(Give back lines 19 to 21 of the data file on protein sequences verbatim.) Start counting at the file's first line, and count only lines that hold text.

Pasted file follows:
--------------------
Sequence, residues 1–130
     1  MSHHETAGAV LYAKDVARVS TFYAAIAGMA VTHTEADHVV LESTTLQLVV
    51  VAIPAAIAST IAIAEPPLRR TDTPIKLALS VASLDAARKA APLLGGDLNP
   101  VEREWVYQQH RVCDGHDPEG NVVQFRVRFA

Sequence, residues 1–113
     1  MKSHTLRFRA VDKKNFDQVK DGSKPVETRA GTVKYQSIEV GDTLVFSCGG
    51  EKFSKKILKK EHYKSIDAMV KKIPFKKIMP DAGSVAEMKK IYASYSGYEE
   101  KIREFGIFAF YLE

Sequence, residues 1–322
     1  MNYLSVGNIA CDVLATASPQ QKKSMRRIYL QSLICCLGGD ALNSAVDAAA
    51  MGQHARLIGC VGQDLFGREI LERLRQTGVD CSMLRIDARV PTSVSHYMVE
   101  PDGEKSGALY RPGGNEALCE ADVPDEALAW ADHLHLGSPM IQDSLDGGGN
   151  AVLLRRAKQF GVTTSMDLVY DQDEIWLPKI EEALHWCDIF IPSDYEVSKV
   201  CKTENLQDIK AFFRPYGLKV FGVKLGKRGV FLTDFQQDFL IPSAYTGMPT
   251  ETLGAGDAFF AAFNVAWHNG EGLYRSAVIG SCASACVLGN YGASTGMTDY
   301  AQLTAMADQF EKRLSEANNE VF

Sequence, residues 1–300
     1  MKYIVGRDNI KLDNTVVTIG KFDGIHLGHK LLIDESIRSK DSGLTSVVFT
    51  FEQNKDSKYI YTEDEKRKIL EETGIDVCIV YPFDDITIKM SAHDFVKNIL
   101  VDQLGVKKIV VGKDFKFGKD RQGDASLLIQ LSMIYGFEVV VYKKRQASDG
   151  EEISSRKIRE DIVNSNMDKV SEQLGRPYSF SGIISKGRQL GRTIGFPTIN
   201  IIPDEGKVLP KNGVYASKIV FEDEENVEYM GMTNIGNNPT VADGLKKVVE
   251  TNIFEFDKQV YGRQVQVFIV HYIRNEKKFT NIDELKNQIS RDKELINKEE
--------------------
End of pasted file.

    51  FEQNKDSKYI YTEDEKRKIL EETGIDVCIV YPFDDITIKM SAHDFVKNIL
   101  VDQLGVKKIV VGKDFKFGKD RQGDASLLIQ LSMIYGFEVV VYKKRQASDG
   151  EEISSRKIRE DIVNSNMDKV SEQLGRPYSF SGIISKGRQL GRTIGFPTIN